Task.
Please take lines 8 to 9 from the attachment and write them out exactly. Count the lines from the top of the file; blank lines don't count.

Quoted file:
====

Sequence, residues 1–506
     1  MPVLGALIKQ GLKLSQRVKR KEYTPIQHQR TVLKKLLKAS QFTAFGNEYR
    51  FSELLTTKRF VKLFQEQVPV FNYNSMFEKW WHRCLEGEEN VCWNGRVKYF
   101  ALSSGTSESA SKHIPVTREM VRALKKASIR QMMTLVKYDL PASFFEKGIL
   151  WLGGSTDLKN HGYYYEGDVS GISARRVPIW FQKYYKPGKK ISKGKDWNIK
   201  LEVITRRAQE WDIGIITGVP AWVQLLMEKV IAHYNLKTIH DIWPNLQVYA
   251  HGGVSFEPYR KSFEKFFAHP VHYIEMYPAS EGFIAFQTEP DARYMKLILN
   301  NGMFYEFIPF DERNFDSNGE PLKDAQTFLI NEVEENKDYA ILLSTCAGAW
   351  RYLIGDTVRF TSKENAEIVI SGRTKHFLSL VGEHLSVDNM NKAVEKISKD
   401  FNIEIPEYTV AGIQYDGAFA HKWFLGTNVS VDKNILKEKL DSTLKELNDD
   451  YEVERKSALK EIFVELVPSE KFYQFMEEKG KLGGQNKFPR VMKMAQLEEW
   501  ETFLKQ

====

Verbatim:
   301  NGMFYEFIPF DERNFDSNGE PLKDAQTFLI NEVEENKDYA ILLSTCAGAW
   351  RYLIGDTVRF TSKENAEIVI SGRTKHFLSL VGEHLSVDNM NKAVEKISKD